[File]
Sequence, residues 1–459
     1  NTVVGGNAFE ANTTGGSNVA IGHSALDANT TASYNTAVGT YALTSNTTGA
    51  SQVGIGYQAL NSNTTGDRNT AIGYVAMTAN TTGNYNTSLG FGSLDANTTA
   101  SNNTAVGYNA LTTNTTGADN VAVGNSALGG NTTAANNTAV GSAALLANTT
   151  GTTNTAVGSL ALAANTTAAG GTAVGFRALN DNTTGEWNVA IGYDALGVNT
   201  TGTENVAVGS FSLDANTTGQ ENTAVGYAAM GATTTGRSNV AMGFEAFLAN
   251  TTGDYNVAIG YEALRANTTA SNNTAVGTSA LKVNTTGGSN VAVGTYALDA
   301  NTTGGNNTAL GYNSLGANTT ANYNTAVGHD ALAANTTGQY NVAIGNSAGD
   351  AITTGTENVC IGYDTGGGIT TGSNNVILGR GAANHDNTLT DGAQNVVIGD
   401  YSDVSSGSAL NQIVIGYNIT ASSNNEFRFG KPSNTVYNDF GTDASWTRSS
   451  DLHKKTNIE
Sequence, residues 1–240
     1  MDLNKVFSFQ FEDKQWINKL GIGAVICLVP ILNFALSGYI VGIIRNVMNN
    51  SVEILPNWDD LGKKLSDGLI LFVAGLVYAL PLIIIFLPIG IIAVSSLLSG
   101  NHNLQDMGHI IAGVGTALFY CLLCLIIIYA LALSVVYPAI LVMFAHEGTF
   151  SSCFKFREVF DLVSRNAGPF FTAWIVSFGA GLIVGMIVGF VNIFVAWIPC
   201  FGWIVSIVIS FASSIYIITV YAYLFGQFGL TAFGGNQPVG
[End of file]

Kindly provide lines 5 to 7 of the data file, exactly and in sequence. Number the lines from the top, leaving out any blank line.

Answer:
   151  GTTNTAVGSL ALAANTTAAG GTAVGFRALN DNTTGEWNVA IGYDALGVNT
   201  TGTENVAVGS FSLDANTTGQ ENTAVGYAAM GATTTGRSNV AMGFEAFLAN
   251  TTGDYNVAIG YEALRANTTA SNNTAVGTSA LKVNTTGGSN VAVGTYALDA